Solar storm from 1977 reveals how unprepared we are for the next 'big one'

The aurora australis streams across the Earth's atmosphere as the International Space Station orbited 271 miles above the southern Indian Ocean in between Asia and Antarctica. (Image credit: NASA)

The strength of solar storms hitting Earth can vary dramatically over short distances, with places just a few dozen miles apart experiencing very different magnetic disruptions, new research finds.

This could mean that some areas are more vulnerable to large solar storms than previously appreciated, study co-author Eija Tanskanen, the director of the Sodankylä Geophysical Observatory (SGO) in Finland said in a statement. Today, most monitoring networks for solar storms have sensors that are spaced on average about 250 miles (400 kilometers) apart. But Tanskanen and her colleagues found that solar storm strength varies across much smaller ranges of around 62 miles (100 km).

"When such a solar storm hits, [a] too-sparse magnetometer network could lead to underestimation of local magnetic disturbances," Tanskanen said.

Solar storms happen when strong bursts of charged particles from the sun hit Earth's atmosphere. The atmosphere protects the planet's surface from most of these charged particles, though satellites in low-Earth orbit are in danger of electrical surges and damage. When storms are large enough, they can cause auroras to occur at lower latitudes than usual. In the worst cases, solar storms can disrupt power grids.

Related: Solar maximum could hit us harder and sooner than thought. How dangerous will the sun's chaotic peak be?

To study the nitty-gritty details of these impacts, researchers from SGO and Finland's University of Oulu looked back to 1977. In December of that year, a strong solar storm hit Earth and was recorded by 32 stations in the Scandinavian Magnetometer Array (SMA). This array of magnetic field sensors was denser than the monitoring networks that operate in the Nordic countries today, but it was never digitized — so all the data sat on feet of filmstrips.

For the new study, researchers photographed and digitized these records, and they discovered that the variations from station to station were extreme. In a strong solar storm, like the Carrington Event of 1859 that knocked out telegraph communications, there might be as much as 150 nanotesla variation in magnetic disruption over about 6 miles (10 km). (A nanotesla is a measure of strong magnetic fields.) In other words, one area might skate by with hardly any magnetic disturbance, while a spot a short drive away might experience several hundred times that strength.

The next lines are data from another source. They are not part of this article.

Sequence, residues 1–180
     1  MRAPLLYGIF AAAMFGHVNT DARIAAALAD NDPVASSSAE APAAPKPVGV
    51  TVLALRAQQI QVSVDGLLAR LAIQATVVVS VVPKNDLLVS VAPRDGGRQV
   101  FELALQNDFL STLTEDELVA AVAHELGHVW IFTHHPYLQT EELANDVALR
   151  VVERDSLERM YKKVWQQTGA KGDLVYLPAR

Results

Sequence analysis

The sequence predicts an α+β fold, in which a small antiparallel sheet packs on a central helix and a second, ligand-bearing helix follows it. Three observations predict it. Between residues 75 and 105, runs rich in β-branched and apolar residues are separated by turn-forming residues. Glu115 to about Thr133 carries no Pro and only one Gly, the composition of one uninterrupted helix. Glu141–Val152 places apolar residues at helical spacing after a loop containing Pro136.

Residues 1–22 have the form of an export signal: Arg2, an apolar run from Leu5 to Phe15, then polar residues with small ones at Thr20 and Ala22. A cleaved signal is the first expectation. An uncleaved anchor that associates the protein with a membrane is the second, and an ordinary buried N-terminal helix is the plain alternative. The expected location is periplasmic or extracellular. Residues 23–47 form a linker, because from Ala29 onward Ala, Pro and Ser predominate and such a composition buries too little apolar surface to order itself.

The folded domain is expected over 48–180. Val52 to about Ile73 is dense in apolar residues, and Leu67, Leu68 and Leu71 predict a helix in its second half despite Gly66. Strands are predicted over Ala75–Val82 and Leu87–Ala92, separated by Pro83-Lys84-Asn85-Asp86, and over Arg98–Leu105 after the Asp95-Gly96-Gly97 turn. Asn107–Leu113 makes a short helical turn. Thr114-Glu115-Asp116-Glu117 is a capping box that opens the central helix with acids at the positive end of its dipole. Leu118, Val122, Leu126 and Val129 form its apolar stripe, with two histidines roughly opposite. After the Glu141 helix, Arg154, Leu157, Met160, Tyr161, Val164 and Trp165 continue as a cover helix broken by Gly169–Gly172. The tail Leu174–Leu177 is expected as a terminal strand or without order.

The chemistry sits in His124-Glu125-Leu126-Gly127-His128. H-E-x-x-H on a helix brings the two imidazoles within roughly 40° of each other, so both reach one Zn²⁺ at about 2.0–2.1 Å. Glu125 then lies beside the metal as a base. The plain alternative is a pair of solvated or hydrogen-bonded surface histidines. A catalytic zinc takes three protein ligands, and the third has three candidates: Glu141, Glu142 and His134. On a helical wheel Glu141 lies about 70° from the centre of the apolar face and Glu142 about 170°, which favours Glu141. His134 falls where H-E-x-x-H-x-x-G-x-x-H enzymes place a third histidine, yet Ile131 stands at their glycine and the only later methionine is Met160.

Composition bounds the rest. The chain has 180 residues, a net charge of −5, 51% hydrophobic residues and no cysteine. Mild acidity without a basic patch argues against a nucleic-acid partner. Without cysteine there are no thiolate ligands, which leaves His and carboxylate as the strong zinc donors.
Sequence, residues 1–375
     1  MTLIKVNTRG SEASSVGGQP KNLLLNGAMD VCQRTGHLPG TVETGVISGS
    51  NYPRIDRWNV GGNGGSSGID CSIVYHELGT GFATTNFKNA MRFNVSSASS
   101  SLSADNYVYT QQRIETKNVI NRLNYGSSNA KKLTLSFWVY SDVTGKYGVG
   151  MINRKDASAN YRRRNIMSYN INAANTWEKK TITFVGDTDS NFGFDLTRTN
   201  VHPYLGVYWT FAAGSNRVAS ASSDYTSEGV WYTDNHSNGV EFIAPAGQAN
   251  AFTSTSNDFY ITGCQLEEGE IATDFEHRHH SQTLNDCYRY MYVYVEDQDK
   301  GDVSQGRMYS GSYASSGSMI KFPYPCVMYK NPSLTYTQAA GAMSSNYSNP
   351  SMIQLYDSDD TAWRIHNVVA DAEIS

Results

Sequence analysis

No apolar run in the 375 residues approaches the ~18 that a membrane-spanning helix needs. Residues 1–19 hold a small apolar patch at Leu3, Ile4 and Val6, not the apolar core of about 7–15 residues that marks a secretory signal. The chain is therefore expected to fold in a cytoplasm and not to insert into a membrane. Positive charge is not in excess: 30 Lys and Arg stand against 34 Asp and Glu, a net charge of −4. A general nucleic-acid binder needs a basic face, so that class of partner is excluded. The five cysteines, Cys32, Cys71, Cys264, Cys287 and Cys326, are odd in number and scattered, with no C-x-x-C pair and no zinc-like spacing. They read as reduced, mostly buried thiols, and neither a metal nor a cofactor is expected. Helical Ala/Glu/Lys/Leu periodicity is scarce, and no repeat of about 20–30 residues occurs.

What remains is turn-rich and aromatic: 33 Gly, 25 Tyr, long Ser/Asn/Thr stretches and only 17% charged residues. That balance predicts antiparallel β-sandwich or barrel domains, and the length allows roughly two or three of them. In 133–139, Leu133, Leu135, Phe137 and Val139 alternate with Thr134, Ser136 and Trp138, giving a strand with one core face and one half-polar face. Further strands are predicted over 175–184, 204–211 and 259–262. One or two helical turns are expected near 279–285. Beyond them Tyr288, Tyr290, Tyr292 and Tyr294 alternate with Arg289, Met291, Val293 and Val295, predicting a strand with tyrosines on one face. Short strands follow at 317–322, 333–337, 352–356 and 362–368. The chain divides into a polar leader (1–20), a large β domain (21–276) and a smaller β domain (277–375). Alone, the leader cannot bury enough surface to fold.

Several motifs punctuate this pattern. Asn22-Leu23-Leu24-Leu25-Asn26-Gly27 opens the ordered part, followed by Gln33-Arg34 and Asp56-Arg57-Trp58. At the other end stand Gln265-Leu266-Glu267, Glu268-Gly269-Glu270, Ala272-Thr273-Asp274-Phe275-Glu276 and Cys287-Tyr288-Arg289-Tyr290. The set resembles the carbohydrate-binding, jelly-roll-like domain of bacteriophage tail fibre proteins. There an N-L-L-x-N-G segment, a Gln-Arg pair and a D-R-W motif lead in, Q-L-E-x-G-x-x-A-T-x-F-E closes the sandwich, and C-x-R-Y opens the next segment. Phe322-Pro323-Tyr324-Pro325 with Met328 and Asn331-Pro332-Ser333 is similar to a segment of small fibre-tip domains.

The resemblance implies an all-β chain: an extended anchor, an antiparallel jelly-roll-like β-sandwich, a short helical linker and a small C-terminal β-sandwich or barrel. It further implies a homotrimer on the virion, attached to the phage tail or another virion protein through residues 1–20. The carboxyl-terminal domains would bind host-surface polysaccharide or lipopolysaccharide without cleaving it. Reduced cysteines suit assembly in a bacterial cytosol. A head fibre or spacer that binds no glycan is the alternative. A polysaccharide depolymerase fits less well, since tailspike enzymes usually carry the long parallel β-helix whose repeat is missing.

In the picture is the state of the magnetic field over Oulu on 11.12.1977. The vibrations of the Earth's magnetic field were captured on film almost 50 years ago. (Image credit: Photo by Otto Kärhä.)

The finding is an argument for adding more sensors to the network that measures changes in Earth's magnetic field, Tanskanen said.

"A denser magnetometer network would help [us] to understand the complex structure of the magnetic field during solar storms," she said. "We could provide local warning of solar storm movements, and better safeguard infrastructure vulnerable to magnetic disturbances."

The findings appeared Nov. 2 in the journal Scientific Reports.

Stephanie Pappas
Live Science Contributor

Stephanie Pappas is a contributing writer for Live Science, covering topics ranging from geoscience to archaeology to the human brain and behavior. She was previously a senior writer for Live Science but is now a freelancer based in Denver, Colorado, and regularly contributes to Scientific American and The Monitor, the monthly magazine of the American Psychological Association. Stephanie received a bachelor's degree in psychology from the University of South Carolina and a graduate certificate in science communication from the University of California, Santa Cruz.